The wealth gap in Connecticut is large because the poor, despite years of Great Society programs, are still poor, and the rich are still rich. Quick now: Which has been the least successful national policy, the war on drugs or the war on poverty? The stairway connecting Heaven, Connecticut’s upstairs, and Hell, the state’s downstairs, is long but gilded at the top. The underlying assumption of all such stories is that the poor are poor BECAUSE the rich are rich. It follows that if a compassionate government were able to even the scales by redistributing wealth from rich Paul to poor Peter, life…

Killing Capital Punishment In Connecticut

The old saw has it that “exceptions prove the rule.” They prove the rule precisely because they are exceptions.
In Connecticut’s politicized Supreme Court, exceptions have BECOME the rule. That is what happened when Justice Richard Palmer constructed his decision on the Constitutionality of Connecticut’s death penalty on a dissent in Glossip v. Gross, a case in which a challenge to the death penalty on Constitutional grounds had been denied by the U.S. Supreme Court, which upheld Oklahoma’s lethal injection protocol. The decision was a narrow one, but Justices Stephen G. Breyer and Ruth Bader Ginsburg managed in their dissent to import larger issues.

Blumenthal Says Yes to Iran Deal, Issues Manifesto

U.S. Senator Dick Blumenthal announced he would vote in favor of the Obama/Kerry/Khamenei deal on the very day President Barack Obama had acquired enough votes in Congress to assure that any veto override would not occur.
Mr. Blumenthal has issued a manifestosupporting his decision, a convoluted thousand word media release that quickly collapses from its own internal stresses.
Mr. Blumenthal supports the deal because he prefers diplomacy to war – even, it would appear a diplomacy that enriches Iran and winks at the likely nuclearization of the Middle East.

Senator Chris Murphy And The Enemies Of The Good

By redefining a treaty – a major foreign policy agreement among more than one nation – as a “deal” President Barack Obama spared himself the necessity of acquiring a majority of Congressional votes to affirm the non-treaty. His redefinition presses a finger down on one of the scales of justice. A treaty would have required a two-thirds vote of approval from the U.S. Congress. Mr. Obama’s initial plan, it may be recalled, was to treat the Obama/Kerry/Khamenei deal as a simple agreement that required NO Congressional approval at all.  The present arrangement serves much the same purpose: It lowers the approval bar and creates the illusion of majority assent on what is, for all practical purposes, a treaty that, for political reasons, has been redefined to secure Congressional affirmation.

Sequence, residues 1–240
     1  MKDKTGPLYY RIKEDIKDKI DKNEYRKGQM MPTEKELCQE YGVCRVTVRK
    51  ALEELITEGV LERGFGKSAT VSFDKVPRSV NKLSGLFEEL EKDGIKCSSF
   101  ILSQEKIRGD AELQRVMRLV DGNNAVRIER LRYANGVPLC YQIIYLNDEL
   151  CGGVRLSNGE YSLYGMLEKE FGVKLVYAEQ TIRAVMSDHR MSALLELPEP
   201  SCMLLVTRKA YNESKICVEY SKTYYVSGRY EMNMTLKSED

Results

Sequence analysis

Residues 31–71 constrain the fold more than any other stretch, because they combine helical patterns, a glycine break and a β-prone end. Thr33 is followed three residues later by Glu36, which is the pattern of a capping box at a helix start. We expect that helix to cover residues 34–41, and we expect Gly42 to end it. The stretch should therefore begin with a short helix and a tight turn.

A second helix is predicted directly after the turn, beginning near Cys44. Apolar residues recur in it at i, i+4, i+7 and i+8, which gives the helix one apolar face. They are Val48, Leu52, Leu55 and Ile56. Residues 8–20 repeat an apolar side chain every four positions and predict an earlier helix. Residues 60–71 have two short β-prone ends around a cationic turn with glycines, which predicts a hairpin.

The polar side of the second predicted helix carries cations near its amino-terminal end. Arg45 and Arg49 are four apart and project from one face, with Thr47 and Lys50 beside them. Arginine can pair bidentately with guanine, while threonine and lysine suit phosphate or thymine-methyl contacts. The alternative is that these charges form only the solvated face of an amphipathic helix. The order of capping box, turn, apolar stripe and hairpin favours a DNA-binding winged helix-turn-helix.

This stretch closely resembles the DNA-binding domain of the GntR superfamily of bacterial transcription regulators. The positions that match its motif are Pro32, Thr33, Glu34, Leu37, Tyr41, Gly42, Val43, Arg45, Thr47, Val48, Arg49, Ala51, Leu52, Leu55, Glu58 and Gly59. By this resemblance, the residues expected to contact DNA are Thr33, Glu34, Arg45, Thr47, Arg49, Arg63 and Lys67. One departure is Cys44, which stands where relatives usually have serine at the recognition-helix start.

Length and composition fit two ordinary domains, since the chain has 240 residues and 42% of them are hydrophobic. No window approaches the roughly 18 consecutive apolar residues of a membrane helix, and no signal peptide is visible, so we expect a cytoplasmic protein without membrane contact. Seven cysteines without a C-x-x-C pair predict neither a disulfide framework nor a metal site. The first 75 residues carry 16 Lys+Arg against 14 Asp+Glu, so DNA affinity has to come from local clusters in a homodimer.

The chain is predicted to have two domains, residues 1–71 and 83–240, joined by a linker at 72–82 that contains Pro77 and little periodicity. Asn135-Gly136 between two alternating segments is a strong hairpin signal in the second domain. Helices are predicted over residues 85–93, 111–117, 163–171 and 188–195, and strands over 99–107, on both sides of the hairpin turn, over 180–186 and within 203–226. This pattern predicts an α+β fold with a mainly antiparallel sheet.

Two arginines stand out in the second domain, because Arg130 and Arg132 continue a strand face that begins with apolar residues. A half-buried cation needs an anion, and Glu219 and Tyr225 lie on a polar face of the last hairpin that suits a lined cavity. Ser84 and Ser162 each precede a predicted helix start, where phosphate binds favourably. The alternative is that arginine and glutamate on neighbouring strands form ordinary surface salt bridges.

Connecticut At The Crossroads

The following address was given to the Wallingford Rotaryat IL Monticello Restaurant in Meriden on Sept 2.
I want to thank Mark Davis for inviting me to speak to you today. As you know, he’s been involved in the Wallingford Rotary for years. After you’ve put in productive years with Rotary, you acquire bragging rights, and this Rotary has much to boast of. Mark doesn’t hold back. He and others regard Rotary as the best volunteer social organization in the country and he’s proud to associate with this  Rotary in particular, which started in 1923 and has given nearly a million dollars in grants to nonprofits. You are to be congratulated on your energy, business intelligence and community concern.